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4.6 out of 5 stars17
4.6 out of 5 stars
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on 4 September 2001
Not surprisingly, this penultimate book of the Deverry series has a definite "end of an era" feel about it. The stories of Lilli and Bellyra reach their dramatic conclusion and many of the loose ends from the earlier books are tied into the overall plot with the usual attention to detail. Several previous characters manage to pop up unexpectedly, adding to the complexity of the story and adding the element of surprise to a plot which by its nature (reincarnation and fate) does have a degree of predictability. I would recommend the Deverry series to anyone who appreciates a complex plot but this is not a book which can stand alone. Start at the beginning (Daggerspell), but commit yourself to reading them all.
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on 3 October 2003
This book boosts Katharine Kerr's ability to enthrall to an even higher level. Devoted followers of the Deverry series will not be disappointed with the turn of events in this book, as it begins to tie up storylines in the Civil War period and bring on exciting new twists in the present day. The result of Raena's revenge towards the end of the book is stunning and will leave the reader scrambling to get to Kerr's website to scour it for any extracts from the next book, The Gold Falcon. Read this book! That's all I can say!
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on 23 October 2000
I just want the next installment!!!!
The 1st part of this book is extremely good, fairly neatly wrapping up one of the "old" story lines, that of the civil war.... in a rather bloody mess that explains some of the things that are mentioned later... (Such as the Boars, which is delt with as mearly a side note) It seems to take on a certain Authurian feel to the end of this tale.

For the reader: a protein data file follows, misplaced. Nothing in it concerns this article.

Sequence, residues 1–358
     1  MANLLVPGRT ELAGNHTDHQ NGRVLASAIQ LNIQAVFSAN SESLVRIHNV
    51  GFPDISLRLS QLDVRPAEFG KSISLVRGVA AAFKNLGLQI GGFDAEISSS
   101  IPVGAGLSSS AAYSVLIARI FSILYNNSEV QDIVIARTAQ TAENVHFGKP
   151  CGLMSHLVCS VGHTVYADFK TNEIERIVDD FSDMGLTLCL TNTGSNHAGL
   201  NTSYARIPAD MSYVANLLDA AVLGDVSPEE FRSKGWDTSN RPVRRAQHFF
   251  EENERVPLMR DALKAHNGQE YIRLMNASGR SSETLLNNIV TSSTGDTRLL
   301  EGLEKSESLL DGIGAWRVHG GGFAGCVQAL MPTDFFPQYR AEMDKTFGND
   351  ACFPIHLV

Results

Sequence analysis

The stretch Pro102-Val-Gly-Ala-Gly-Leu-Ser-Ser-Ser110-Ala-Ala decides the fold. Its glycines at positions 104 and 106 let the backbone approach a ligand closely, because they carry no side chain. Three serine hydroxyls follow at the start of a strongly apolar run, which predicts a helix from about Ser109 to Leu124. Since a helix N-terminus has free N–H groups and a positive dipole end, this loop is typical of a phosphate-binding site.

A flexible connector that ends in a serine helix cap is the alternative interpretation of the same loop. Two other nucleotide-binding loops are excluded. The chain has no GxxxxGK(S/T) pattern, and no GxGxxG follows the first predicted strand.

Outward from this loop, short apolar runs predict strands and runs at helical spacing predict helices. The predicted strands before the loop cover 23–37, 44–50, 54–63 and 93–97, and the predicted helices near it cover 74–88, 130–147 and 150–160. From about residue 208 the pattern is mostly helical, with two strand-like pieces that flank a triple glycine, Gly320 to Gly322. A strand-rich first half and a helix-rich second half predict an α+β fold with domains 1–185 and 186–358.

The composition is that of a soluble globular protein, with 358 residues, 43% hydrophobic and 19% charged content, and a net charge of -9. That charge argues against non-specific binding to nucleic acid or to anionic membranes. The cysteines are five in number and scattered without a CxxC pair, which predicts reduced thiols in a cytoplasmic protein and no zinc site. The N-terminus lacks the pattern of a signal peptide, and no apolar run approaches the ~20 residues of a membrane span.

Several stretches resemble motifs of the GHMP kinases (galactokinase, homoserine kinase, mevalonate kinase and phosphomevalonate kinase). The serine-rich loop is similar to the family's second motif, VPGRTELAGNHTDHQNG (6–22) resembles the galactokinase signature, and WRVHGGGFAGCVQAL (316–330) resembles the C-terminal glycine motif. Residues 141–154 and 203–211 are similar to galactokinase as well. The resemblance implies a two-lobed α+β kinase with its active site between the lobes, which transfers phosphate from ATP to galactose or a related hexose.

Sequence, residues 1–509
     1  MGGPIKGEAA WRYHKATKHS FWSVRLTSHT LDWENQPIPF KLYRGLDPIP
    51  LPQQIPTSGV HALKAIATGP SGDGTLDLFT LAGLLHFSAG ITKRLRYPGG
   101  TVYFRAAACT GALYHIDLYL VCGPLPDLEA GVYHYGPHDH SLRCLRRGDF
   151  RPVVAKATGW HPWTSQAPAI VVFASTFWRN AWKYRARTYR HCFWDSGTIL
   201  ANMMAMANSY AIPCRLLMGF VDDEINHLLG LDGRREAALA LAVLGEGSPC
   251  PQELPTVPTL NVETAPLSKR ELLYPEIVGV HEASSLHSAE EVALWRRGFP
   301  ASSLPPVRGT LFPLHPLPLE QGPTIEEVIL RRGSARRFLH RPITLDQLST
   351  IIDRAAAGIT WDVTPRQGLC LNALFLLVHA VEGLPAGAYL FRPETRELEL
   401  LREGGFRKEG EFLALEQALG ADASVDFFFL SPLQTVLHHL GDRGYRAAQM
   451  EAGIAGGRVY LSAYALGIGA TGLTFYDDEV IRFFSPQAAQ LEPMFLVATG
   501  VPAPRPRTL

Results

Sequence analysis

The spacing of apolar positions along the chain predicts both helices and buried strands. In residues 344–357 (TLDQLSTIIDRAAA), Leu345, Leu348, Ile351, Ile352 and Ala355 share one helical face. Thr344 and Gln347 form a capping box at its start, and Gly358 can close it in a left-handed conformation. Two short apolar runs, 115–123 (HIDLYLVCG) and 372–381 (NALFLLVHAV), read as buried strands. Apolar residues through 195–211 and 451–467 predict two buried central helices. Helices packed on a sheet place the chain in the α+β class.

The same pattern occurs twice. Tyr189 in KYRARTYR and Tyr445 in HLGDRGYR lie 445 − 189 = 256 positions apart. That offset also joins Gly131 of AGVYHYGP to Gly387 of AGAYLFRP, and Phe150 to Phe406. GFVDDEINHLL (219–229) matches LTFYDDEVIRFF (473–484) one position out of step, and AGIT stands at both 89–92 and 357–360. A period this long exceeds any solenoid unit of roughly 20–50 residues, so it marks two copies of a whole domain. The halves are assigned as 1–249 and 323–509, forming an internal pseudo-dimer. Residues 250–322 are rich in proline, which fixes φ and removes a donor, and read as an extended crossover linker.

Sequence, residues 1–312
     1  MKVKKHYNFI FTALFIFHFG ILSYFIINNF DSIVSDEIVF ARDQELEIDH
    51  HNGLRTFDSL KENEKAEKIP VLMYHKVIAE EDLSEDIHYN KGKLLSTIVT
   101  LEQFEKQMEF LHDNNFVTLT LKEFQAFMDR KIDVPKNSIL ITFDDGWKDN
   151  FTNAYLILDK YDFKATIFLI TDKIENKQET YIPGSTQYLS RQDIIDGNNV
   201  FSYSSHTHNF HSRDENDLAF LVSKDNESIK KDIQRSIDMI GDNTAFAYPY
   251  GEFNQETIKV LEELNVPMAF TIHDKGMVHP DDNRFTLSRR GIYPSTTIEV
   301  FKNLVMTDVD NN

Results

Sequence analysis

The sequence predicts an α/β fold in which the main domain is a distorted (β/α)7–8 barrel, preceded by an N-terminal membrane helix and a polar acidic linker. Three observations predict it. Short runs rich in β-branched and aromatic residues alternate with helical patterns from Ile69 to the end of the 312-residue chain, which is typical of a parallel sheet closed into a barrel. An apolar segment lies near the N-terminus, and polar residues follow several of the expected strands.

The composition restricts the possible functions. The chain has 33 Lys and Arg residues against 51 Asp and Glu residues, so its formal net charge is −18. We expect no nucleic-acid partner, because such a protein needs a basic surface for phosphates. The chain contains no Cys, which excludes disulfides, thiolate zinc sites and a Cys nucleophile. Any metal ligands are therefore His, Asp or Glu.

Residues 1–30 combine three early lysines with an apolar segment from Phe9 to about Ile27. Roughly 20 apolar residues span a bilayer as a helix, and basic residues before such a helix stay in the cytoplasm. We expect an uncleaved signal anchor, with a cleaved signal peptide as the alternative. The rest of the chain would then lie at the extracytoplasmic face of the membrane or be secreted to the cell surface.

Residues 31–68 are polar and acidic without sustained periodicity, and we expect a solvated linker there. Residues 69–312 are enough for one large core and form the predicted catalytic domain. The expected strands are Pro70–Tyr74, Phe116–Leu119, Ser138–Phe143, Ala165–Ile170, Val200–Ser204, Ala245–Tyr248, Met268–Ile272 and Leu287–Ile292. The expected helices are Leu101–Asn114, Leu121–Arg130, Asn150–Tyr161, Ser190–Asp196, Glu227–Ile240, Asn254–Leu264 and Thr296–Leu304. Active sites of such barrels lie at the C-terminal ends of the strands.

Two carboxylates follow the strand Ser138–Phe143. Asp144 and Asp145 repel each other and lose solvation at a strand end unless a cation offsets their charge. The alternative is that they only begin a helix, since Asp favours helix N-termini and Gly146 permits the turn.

The second part of the book I felt personaly was a bit of a let down.... It seemed to be rather slow and pendulous, making rather big jumps at times... (can't really say to much without spoiling the book for those still to read it). I did like the twist in Rhodri's wyrd but felt that it was a bit rushed (not the situation but the writting), and it really was scene setting in a big way...
Anyway this book is definatly worth reading as part of the series... (wouldn't recommened it as a stand alone, you would be missing the rich and wonderful tale that is being told in full) but while it deals nicely with the earlier story line the "present" story line is left hanging weakly I felt.
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on 15 December 2000
I had been waiting for this book for what seems a very long time. The twists of the plot and the characters in the different timelines are quite difficult to follow. I would recommend re-reading at least the previous book in the series to get reaquainted with the stories (I went back to A Time of Exile and really enjoyed rereading them all) I couldn't put this down in the end and sat up 'til past midnight to finish the last few chapters.
I can't wait for the next one now - will it really be the last of the series? The conclusion of so many of the stories do seem to lean to some sort of fantastic finale waiting to happen.
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on 8 February 2010
The third book in the Dragon Mage sequence. In this book we spend about half of our time in the past, concluding the storyline concerning Lillorigga, princess Bellyra, Maddyn the bard and the prince Maryn. The second half of the book shifts the plot forwards concerning Rhodry, Dallandra, Niffa, Raena and the dragon Arzosah.

In my opinion this is by far the best book written by Katharine Kerr in the whole Deverry series. I was gripped throughout. Of necessity considering the curse of the dweomer tablet, the first half of the story was bleak and heartbreaking. A number of my very favourite characters from this particular timeline came to fairly dire ends, which left me close to tears. Each of the various characters was treated with respect, except for Maryn and Oggyn - by the end of this section, it became very easy to hate both of them.

I was mightily relieved that Rhodry's story pushed forwards - but the ending to the book also left me near weeping with how sad, and yet how appropriate it was. Rhodry truly stepped forward to save the people he both cared for and had grown apart from. He and Arzosah became true soul mates in terms of how they viewed each other.